- The Washington Times - Monday, March 17, 2008

The Department of Homeland Security, continuing to enforce what it calls a “strict policy of arresting, prosecuting and jailing” illegal immigrants, deported a record number of those caught on the nation’s borders last year — more than 280,000 in fiscal year 2007 compared with 186,000 a year earlier.

It was the largest number of illegals ever removed from the country in a single year.

The increase is attributable to what veteran law-enforcement authorities said is a revised apprehension process, adding that the department no longer is targeting only criminal illegals for removal, but seeks eventually to apprehend, charge and deport all those who cross illegally into the United States.

To that end, Homeland Security has initiated “Operation Streamline” along some sectors of the U.S.-Mexico border, which brings illegal immigrants into the U.S. criminal justice system, where they are prosecuted either for a misdemeanor on their first offense or a felony if they have been caught before.

“Under this program, individuals who are caught at certain designated high-traffic, high-risk zones are prosecuted and, if convicted, are jailed,” Homeland Security Secretary Michael Chertoff said at a recent press briefing.

Mr. Chertoff noted that between October and December, the Justice Department prosecuted 1,200 cases under the new program and, as a consequence, apprehension rates dropped nearly 70 percent in those areas.

“When people who cross the border illegally are brought to face the reality that they are committing a crime, even if it is just a misdemeanor, that has a huge impact on their willingness to try again and on the willingness of others to break the law coming across the border,” he said.

U.S. Immigration and Customs Enforcement (ICE) spokeswoman Ernestine Fobbs said the agency’s Office of Detention and Removal Operations deported to 195 countries a total of 280,523 illegal immigrants during fiscal 2007 — which ended Sept. 30.

Through Feb. 18 of fiscal 2008, she said, the agency has removed 94,237 illegal immigrants.

But Operation Streamline is active only in particular areas along the Arizona and Texas borders, enforced by agents from ICE and U.S. Customs and Border Protection who seek to end the so-called “catch-and-release” of illegal immigrants along popular smuggling corridors.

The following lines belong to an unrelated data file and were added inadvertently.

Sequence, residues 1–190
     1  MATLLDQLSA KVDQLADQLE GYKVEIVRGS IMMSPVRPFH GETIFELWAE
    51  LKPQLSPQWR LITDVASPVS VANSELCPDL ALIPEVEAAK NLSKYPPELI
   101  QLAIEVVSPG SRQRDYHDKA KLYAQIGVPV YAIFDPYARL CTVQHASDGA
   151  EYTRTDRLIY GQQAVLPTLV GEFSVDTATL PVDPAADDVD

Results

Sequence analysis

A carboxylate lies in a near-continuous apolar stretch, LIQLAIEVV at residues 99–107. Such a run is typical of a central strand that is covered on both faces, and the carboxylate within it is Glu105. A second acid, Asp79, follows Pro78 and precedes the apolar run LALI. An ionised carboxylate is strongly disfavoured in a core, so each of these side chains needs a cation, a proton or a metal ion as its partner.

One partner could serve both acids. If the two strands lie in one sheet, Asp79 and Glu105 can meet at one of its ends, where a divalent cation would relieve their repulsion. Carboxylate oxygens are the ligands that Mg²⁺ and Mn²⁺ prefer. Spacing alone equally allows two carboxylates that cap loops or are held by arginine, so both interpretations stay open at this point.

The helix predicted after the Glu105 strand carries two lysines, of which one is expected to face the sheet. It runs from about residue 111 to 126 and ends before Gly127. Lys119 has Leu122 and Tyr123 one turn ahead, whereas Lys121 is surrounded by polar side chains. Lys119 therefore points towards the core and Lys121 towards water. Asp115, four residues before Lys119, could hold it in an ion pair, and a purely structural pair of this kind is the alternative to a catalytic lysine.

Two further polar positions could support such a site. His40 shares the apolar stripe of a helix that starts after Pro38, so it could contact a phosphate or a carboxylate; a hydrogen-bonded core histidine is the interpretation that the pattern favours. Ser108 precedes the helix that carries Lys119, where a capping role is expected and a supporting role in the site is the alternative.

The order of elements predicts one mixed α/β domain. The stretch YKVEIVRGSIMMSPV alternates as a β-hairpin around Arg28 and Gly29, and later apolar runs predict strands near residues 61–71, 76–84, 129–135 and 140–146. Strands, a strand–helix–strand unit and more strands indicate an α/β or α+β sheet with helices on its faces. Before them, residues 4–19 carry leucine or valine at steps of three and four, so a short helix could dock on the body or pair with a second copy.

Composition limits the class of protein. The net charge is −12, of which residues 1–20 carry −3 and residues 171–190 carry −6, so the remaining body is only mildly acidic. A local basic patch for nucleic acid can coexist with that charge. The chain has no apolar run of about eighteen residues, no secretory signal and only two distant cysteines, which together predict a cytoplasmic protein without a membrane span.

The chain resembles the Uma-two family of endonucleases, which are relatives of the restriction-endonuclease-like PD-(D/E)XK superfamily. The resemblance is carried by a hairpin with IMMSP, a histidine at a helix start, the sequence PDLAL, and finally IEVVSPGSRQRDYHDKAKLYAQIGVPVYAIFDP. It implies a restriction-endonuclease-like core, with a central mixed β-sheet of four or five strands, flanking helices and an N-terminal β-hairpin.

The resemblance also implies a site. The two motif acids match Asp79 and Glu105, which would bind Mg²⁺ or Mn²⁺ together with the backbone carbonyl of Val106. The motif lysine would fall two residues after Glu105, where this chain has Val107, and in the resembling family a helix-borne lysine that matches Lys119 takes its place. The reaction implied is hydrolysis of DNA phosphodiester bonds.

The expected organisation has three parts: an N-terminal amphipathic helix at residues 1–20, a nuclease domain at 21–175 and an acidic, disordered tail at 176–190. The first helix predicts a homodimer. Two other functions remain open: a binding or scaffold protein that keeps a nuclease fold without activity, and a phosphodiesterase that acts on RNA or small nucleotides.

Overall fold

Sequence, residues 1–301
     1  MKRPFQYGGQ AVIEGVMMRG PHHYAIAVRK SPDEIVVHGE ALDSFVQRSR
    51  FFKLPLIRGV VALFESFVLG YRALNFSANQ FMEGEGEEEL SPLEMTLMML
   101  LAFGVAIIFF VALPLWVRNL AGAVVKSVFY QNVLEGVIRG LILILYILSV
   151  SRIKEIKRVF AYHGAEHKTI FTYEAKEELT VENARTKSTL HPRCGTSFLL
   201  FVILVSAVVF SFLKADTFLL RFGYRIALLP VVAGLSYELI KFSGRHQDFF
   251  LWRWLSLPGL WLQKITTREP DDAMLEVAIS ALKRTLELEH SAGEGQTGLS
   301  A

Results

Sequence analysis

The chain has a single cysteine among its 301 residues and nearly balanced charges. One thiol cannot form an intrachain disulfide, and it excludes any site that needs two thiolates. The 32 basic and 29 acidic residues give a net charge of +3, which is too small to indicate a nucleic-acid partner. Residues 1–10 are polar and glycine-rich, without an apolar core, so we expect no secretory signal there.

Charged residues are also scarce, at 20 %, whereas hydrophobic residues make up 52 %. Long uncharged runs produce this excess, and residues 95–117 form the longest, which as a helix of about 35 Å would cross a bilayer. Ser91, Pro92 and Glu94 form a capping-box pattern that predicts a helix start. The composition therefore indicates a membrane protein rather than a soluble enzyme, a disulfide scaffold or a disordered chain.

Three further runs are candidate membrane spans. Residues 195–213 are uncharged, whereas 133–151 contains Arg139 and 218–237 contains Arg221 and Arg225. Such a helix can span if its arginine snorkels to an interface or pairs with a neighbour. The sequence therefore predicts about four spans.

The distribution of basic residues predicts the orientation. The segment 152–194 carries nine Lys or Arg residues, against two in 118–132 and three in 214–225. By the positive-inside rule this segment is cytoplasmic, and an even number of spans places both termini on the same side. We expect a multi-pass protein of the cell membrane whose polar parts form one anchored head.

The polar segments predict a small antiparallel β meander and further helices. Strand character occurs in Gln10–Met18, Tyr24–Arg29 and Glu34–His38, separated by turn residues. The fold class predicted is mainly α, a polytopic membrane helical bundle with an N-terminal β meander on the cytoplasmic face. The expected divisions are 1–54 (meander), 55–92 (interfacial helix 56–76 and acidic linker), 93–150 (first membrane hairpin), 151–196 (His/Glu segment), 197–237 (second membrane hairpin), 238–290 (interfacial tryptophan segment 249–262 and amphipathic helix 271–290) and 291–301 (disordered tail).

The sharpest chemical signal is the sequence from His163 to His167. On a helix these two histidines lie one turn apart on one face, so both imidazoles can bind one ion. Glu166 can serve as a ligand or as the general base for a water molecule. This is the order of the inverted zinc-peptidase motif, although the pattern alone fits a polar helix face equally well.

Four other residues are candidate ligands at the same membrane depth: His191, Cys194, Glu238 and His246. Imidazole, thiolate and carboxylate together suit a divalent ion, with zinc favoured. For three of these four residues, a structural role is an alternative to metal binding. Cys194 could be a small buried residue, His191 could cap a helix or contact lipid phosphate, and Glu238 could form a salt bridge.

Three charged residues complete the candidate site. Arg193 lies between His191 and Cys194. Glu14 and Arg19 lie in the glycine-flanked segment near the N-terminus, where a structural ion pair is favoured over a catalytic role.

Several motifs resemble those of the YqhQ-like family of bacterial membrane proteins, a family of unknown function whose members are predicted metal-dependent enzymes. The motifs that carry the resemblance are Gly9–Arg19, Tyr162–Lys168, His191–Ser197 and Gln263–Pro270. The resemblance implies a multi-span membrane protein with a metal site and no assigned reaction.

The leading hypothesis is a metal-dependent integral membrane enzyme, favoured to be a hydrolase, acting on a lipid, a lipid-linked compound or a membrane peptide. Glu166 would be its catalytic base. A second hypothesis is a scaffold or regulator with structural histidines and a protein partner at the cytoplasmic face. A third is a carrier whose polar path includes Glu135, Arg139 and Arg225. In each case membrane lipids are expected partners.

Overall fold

Under the program, illegals caught entering the country are fingerprinted, prosecuted and can spend up to 180 days in jail.

Prior to the program, illegal immigrants from Mexico who did not have a criminal history were returned to their home country almost immediately, without jail time or a formal deportation order. Apprehended illegal immigrants identified as “other than Mexican,” or OTMs, were given notices to appear at a future deportation hearing. The notices were referred to by the U.S. Border Patrol as “notices to disappear,” since only about 13 percent ever showed up.

On average, about half of those caught at the Southwest border are Mexican nationals. Currently, they face formal deportation procedures only in those limited areas covered by Operation Streamline or if they have been identified as convicted criminals.

Ms. Fobbs said that during fiscal 2007, a total of 136,712 Mexican nationals were returned home — 67,793 of whom were identified as criminal illegals.

Despite the praise it has received from members of Congress, Operation Streamline is not without its drawbacks and its future expansion is in doubt without a significant increase in federal funding.

The U.S. Marshals Service, which is responsible for returning illegal immigrants to their countries of origin, is strapped for both resources and manpower to conduct the program. The Justice Department, asked to prosecute the newly charged illegals, lacks the manpower to get the job done.

Congress appropriated $22 million to hire additional prosecutors, support staff and deputy U.S. marshals, and the administration is seeking $100 million for the Southwest Border Enforcement Initiative — to hire additional people to support the increased prosecutions.

Law-enforcement officials, however, also point to a lack of detention space as a critical concern, noting that border detention facilities already are overburdened by rising drug, sex and violent-crime cases. An internal report by the Marshals Service in January said “the sheer number of prisoners” along the border “makes finding sufficient detention space on a daily basis particularly challenging.”

But the mission to apprehend convicted felons among those illegally in the U.S. remains a department priority. The agency now identifies and screens criminal illegals incarcerated in federal, state and local jails nationwide to ensure they are processed for removal at the completion of their terms.

In fiscal 2007, ICE initiated formal removal proceedings on 164,000 illegal immigrants serving prison terms for crimes they committed in the U.S., and has begun more than 55,000 formal removal proceedings against additional criminal illegals in the first quarter of fiscal 2008.

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